When doing a code review aim to be extremely clear. This helps things move quickly and avoids lost time in misunderstandings. One especially useful GitHub feature for doing this is suggesting a change. Consider the following example code: (c) => { return });

The function body can be abbreviated. In a review you can leave a comment asking for the change, which would likely involve writing up a comment trying to have the author change it to the following: c =>;

That means leaving a comment, having the author read and understand it, and then making and pushing up a change, hopefully matching your review expectations.

To be clear and save all that back-and-forth though, you can make a code suggestion directly in your review, which will let the author simply click a button to accept the change (and have it automatically applied as a commit by GitHub).

GitHub review suggest change


Timely code reviews are important to getting improvements into the hands of users faster and allowing developers to stay focused on the task at hand and see it through to production.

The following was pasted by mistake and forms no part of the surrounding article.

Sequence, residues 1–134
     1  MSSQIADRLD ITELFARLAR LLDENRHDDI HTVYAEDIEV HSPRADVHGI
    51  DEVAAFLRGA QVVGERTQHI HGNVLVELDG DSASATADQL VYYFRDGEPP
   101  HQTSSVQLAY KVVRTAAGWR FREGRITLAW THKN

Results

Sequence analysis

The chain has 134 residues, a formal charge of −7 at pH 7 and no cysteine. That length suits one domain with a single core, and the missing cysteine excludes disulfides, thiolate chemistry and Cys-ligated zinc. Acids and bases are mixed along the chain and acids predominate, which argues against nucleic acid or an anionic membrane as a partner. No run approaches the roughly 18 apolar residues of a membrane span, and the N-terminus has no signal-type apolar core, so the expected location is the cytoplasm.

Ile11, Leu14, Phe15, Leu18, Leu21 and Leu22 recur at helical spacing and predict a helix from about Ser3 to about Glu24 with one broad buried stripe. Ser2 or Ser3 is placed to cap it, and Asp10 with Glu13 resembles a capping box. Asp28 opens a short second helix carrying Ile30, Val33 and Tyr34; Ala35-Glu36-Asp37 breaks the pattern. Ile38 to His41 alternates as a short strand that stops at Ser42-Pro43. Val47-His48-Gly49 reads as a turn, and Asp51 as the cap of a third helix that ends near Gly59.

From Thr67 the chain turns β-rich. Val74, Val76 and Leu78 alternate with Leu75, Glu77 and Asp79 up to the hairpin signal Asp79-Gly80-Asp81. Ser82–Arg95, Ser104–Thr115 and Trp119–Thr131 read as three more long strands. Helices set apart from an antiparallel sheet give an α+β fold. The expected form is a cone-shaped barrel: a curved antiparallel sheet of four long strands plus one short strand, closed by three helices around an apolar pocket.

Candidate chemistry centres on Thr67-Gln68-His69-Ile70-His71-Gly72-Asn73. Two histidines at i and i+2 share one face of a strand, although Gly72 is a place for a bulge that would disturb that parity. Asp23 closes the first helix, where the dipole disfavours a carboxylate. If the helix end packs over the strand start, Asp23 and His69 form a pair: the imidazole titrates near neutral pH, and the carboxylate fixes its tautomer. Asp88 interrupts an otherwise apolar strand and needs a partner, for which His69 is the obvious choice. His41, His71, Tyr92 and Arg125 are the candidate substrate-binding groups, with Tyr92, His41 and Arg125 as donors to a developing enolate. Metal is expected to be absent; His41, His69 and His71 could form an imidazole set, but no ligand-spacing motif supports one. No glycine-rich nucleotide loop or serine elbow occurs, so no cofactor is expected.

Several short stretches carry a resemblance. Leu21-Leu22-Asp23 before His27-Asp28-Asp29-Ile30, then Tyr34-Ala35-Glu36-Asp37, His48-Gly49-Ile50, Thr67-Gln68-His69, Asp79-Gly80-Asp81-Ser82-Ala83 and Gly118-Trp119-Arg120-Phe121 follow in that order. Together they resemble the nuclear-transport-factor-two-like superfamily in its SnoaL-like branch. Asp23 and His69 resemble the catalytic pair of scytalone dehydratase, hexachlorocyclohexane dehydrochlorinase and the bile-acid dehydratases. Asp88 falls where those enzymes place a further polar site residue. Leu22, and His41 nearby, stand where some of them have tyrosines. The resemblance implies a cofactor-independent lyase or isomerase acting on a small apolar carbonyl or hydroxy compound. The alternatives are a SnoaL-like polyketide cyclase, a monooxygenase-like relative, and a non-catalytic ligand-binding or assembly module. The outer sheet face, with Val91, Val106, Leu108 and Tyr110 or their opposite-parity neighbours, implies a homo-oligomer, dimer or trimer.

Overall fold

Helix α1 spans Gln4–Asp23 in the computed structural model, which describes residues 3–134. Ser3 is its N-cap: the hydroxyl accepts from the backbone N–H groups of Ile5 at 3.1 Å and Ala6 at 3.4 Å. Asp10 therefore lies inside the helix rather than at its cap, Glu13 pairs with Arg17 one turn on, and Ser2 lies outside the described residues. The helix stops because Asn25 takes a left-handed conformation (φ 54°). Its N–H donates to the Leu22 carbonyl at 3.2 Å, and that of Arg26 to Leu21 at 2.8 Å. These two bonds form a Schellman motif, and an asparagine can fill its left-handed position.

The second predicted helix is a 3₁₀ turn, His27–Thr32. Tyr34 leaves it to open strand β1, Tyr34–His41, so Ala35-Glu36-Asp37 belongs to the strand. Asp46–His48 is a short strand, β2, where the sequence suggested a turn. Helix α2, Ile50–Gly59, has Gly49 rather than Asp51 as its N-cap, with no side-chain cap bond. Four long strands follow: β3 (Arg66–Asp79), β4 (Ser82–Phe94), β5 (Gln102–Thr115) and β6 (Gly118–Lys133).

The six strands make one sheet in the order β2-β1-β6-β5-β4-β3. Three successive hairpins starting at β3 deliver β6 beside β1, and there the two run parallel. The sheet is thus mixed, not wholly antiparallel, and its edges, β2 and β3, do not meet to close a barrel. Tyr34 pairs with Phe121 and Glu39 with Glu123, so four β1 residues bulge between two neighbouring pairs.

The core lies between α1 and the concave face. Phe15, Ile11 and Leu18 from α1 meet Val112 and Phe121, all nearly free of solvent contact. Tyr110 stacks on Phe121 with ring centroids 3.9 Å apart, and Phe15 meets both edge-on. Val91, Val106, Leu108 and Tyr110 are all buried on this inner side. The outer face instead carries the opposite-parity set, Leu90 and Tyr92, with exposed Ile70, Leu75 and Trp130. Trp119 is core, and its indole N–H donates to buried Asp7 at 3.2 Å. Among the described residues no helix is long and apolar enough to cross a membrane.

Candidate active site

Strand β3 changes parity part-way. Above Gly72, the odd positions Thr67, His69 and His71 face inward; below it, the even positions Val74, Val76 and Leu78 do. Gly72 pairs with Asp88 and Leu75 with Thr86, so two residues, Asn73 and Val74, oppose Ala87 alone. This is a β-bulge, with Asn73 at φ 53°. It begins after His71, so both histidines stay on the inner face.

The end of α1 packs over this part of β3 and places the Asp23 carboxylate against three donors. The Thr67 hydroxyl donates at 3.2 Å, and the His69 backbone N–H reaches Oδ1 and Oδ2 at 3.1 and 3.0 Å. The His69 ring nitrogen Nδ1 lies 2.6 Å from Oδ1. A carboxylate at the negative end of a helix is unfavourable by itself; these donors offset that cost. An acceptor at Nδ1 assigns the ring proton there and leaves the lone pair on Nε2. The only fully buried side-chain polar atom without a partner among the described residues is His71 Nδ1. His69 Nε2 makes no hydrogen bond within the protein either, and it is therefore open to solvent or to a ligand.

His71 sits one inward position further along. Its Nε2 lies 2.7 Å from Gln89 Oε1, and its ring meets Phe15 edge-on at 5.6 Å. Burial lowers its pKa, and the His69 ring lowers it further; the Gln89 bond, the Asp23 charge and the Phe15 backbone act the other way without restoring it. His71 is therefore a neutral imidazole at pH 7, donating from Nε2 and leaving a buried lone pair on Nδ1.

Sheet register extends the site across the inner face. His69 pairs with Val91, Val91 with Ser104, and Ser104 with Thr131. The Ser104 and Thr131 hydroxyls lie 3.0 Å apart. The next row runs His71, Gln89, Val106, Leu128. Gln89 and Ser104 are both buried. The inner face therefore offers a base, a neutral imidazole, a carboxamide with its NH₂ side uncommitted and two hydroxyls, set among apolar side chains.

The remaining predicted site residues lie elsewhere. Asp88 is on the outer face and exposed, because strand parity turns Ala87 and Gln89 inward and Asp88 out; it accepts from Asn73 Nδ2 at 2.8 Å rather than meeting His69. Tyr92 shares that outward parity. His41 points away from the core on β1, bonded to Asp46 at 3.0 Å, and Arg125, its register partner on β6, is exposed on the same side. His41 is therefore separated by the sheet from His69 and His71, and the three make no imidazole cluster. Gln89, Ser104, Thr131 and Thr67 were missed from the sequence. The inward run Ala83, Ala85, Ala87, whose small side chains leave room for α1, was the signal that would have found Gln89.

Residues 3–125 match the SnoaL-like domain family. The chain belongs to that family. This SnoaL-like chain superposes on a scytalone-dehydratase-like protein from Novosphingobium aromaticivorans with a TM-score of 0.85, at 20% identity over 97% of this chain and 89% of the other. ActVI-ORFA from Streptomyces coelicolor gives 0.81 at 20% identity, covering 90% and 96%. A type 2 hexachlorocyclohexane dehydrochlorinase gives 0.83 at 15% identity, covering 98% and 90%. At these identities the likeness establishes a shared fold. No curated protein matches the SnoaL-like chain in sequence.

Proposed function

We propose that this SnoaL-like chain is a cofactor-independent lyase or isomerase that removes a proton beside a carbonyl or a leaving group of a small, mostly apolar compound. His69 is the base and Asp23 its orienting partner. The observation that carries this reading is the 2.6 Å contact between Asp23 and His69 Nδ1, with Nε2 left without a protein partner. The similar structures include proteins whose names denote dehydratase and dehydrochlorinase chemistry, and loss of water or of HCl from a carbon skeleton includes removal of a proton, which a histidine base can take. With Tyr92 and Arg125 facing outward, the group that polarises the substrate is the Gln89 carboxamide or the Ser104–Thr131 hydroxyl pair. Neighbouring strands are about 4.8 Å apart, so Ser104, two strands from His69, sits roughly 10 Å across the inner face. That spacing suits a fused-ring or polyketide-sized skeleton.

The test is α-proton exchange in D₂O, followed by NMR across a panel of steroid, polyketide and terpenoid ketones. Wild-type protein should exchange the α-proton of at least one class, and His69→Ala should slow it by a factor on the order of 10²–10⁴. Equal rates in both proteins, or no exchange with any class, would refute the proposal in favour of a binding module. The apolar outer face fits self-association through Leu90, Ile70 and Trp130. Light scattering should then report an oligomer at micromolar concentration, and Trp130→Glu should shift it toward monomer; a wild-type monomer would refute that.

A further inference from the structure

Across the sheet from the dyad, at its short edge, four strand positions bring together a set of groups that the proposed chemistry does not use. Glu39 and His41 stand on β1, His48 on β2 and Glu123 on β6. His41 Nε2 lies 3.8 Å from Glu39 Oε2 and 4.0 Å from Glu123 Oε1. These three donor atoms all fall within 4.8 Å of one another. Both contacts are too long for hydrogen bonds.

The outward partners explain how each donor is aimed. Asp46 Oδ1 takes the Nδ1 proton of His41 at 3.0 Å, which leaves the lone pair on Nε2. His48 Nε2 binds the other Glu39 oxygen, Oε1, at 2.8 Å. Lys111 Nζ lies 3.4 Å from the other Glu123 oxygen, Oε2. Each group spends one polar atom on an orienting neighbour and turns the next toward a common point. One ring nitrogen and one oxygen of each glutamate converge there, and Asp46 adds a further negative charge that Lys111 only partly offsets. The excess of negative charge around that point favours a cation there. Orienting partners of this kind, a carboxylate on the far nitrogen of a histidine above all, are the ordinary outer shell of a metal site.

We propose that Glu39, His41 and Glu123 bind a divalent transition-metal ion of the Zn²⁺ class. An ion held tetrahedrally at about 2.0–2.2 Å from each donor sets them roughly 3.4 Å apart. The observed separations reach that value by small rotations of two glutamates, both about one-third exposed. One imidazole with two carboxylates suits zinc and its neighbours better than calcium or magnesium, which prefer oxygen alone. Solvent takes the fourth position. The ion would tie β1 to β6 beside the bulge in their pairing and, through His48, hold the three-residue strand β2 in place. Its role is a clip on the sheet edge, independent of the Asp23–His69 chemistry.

Code reviews should be completed within 24 hours of assignment (excluding weekends and holidays). In some cases, a code review may not be possible if a larger discussion needs to be had for design choices or solution objectives, but even in cases like those, some feedback is still to be expected within 24 hours.

Updating The Issue With What You Actually Did

Add labels to the GitHub issue as needed. At this stage, the two to look out for are:

  • Breaking change
  • UI/UX

Add a comment to the GitHub issue with what the final change actually was. This is important for multiple cases including:

  • Non-technical people may not understand the conversation thread on the issue. GitHub is a place that developers work, but it is also common to send non-technical people links to issues in GitHub.
  • The QA team should have a quick way to know where to start testing.
  • Issues with a lot of discussion of alternative solutions need a clear resolution and indication of which route was taken.

Options for doing this: